A back injury at the end of 2010 introduced me to being scared to hit a shot for the first time in my life. Thankfully the injury went away as far as I can tell, but in those six months or so I was in agony, I ended up building some pretty nasty habits in my golf swing, and my back has still not been the same since. Once my back healed, my bad habits brought on pretty severe tendinitis in my left forearm. LOL. Reconstructing my golf swing has taken a definite mental toll on me. Even though my swing was getting into better, more consistent positions, not being able to fly a 6-iron 165 with little to no effort since I was 13 was a pretty substantial blow to the old ego. Seventeen or so years I have been playing this game. SEVENTEEN YEARS, and fourteen of those years I never had to question how far my irons went. I turned into a veritable basketcase. This was the first time I ever truly understood the meaning of the phrase “Getting old SUCKS”
Summa summarum, my golf has gone to shit in the last two years. And to make things better, I have people haranguing me about my poor performances. Gee folks, as if I had NO idea I have only made 2 cuts this entire season. That I have missed more cuts this year than in any other year. That my stats blow, I get angry much quicker, and I need to get my ass in gear. I feel like I drowning in a black sea with a life saver inches away from my grasp, yet the tides pull me away from salvation. Many thanks to all the haters and the d!@ks out there, but even more thanks to the people that have stuck by me. Your words have made the bleakness of the season (up to this point, mind you!) seem less dark, and I know there is light at the end of the tunnel. So thank you for the love, thank you for the faith, and lets hope that by my occasional venting and releasing of negative energy, my cortisol levels will fall, my smiles will force their way through, and my putts will drop. Because….

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2010 essentials, Part 1

With the 2010 LPGA season almost upon us (try in 13 days, AHHH!!!) I have decided that I am going to spend more time blogging. I mean, come on, I have not blogged in weeks! Shame on me! Tragic, I know. It doesn’t help that I do not bust out a new entry in like two minutes, either. There are a lot of thought processes that go into a somewhat decent entry… So today, we are throwing that out the window! Let us see what kind of nonsense I am able to toss out in the twenty six minutes I have until my 90 min massage!
I have spent the last few weeks honing in on my skills, tinkering with new clubs, trying different ball configurations, and the whole lot. I (as of now) am fairly set on the current sticks in my bag.
I have gone through a few changes in my bag this offseason. Having had a good amount of success with my beloved TaylorMade r9, I called it quits, and now I have a Callaway FT-9 driver, set with a 7.5 degree head, opened to something along the lines of 7.2 degrees. It has taken Callaway a bit of time to get a head to set comfortably at 7.5 degrees, and I understand completely, as it is a loft of the old regime. I kick it old school still. With punch shots with everything, driver included. This thing is pretty damned hot, I won’t lie. My favorite driver ever was an FT-3 that I used from 2006-2009 (I’m extremely loyal, my irons used to be HGs that I used for nearly a decade), but it broke when I touched down in Rio de Janiero, Brazil in Jan of 2009 and I had been fighting to find one that fits me since. I think we have a winner, though!
I still have the 3-wood that I picked up in France in 2008, a Callaway X 3W set at 13 degrees. It’s been my baby forever, and as of right now I am thoroughly pleased with it. Hybrids are still from TM, a 4 and a 3 hybrid, which I finally broke down and tried out during the US Women’s Open in 2009. They are almost like cheating. I do miss my TM r7 5Wood from like, 1966, but times had changed and I had to whiddle down the gaps I had in my long irons and my wedges. It took me years to admit it, but HYBRIDS RULE!
My new Titleist ap2s are fantastic. I got them a few weeks back, and had my boy Randall work and tweak them to perfection. I mean, he weighed every grip and added shavings of lead tape to the heads so that the clubs were all within a thousandth of a swing weight of one another. Mad skills, and now my irons are lethal. I used to use and loved my TM TP racs, but now I truly feel like I could stand over a ball, with a huge gorge between the green and myself, and damned near hole out. Mad props to Randall!
Wedges… Oh the battle, it still continues. I have my TaylorMade racs, with the new 2010 conforming grooves, but I have to decide (still, I know..) whether I should go with 54/58 degrees as I have done this last season, or if I should go back OLD SCHOOL with my 52/56/60 configuration. The groove regulation has not affected me to any great extent, but I think a lot of that reasoning is because the wedges are new, and heck, I used to use wedges that were nearly grooveless bc I loved them and refused to get new ones.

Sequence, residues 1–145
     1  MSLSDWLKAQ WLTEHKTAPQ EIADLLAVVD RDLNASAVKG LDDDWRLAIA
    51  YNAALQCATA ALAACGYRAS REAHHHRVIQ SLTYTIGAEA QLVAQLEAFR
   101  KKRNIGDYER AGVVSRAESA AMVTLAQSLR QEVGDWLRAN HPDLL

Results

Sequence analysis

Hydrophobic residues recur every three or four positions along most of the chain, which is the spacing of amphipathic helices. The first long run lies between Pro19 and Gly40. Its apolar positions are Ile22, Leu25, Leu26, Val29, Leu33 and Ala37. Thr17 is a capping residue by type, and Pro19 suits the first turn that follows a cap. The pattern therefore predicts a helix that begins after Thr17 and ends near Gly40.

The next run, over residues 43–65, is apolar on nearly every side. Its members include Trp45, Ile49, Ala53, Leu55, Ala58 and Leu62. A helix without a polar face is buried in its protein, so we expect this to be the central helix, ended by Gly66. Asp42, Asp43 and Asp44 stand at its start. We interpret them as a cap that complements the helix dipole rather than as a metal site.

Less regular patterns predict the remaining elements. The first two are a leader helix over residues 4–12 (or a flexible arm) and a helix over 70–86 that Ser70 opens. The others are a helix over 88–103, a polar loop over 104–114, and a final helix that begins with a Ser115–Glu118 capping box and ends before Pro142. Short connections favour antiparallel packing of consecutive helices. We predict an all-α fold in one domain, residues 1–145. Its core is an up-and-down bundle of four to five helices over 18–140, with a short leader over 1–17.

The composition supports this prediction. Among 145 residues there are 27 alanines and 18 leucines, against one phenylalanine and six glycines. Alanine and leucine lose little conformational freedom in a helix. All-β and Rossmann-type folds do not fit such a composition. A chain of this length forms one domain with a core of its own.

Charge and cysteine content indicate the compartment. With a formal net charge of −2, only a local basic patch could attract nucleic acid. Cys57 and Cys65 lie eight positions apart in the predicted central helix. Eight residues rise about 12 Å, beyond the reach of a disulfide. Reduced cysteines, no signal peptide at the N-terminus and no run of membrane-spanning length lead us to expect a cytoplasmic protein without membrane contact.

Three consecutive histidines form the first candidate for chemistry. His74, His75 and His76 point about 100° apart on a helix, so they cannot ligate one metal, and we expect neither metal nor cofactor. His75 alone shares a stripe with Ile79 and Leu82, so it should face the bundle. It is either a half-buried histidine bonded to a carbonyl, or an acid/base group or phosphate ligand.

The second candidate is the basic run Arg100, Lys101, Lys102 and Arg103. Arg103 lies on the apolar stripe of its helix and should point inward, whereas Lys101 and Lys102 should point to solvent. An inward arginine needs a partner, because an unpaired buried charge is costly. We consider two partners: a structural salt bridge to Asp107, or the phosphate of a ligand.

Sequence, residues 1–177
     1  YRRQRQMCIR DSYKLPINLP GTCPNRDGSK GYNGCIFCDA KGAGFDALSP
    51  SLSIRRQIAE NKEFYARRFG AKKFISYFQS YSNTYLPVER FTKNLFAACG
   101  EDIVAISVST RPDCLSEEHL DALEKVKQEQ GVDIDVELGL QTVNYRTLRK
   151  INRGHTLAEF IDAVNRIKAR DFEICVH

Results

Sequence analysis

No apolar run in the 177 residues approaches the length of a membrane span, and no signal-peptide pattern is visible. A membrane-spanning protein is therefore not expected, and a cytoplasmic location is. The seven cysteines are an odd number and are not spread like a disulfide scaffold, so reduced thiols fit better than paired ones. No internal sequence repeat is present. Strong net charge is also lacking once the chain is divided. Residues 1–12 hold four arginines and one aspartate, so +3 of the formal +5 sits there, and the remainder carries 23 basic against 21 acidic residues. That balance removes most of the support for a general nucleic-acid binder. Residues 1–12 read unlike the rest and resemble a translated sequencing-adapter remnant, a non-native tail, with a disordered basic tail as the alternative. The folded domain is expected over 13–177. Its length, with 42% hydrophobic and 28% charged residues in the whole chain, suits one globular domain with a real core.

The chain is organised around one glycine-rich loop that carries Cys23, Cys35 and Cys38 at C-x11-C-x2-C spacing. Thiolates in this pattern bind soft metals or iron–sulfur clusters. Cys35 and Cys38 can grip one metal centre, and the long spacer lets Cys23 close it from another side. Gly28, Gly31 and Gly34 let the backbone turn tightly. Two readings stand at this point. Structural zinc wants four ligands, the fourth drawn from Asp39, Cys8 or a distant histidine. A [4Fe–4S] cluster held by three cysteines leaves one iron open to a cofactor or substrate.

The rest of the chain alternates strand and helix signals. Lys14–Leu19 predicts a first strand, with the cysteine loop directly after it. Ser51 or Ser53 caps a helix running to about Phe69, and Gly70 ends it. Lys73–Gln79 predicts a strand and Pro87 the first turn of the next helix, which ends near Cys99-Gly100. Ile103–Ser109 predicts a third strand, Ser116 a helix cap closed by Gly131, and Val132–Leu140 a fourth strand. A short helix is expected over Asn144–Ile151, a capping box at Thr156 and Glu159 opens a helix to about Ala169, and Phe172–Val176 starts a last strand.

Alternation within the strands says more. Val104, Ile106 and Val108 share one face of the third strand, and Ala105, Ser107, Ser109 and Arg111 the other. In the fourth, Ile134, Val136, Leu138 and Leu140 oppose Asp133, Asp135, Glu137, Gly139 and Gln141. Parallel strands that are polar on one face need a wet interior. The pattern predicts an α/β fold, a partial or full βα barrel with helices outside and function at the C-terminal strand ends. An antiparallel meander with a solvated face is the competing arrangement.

I still have my Callaway White Ice Sabertooth putter (used to be called the White Hot, but they went with a gunmetal finish and black accents, unlike the satin silver and red trimmed White Hot), with Cotton Candy written in pink on the sole. Long story, nicknames… hahahaha!!!!
Still pretty set on using my Titleist ProV1X ball, as I thought about and tinkered with the regular ProV1, but I am not sure yet. Either way, so long as the ball says Titleist on it, I will be comfortable. It truly is amazing what something as simple as a few letters can do to someone’s comfort level. I tried the Bridgestone ball, and as much as I loved it, for some odd reason, the fact that Titleist wasn’t staring back at me,  during many a crucial shot in a tournament, my mind would flip out. There’s a lot to be said for change, and in many ways, I love change. But at the same time, certain things mean comfort, and comfort can guide you to security and success. Might be something to think about. Anyway, this took me 13 minutes to type, I am feeling proud of myself, and so having said that, I am going to head to the sauna pre-massage. More in-depth entries to come, I promise! But the thought of flushing toxins is just too tempting and my body demands it! I’m out! Hugsies to all!!!
P.S. I have a mad tweetlebrity (pretty sure that’s not a word, but whatever) crush on @johnraser as well as @ebassprod. John is a great guy, supremely witty, and such a cutie. Oh, and he grew out long luscious locks of hair to donate to Locks of Love. I did a similar thing for the P&G Pantene ProV Beautiful Lengths in September, so I think that calls for him to be even more awesome. He is on the road to the PGA Tour, and I have no doubt in my mind that he will succeed and then have to fend off all the hot little girls that watch PGA tour events in miniskirts and high heels (in grass.. I mean, really ladies? Sinking into the mud wouldn’t seem like a “hot” thing to do in my opinion, but what do I know). I will just crush from afar. He is great and his website is insightful, witty, and besides, he is just so cute!!! Hugs to John!
And Eric Bass is the bass player for the amazing rock band Shinedown. He is a writer, a musical genius(knowing how to play the bass, guitar, piano, and trombone. Trust me, if I knew him back in high school when he played, I’d be all over that!), producer, uber hot, and plays to a 6 handicap! AMAZING!! He said we should play a round in Charleston when he has some downtime, but I find it hard to believe one of the hottest bands in this day and age would find any downtime to go hit the links with lil ol me. Still… A girl can dream! Massagey time!!!!!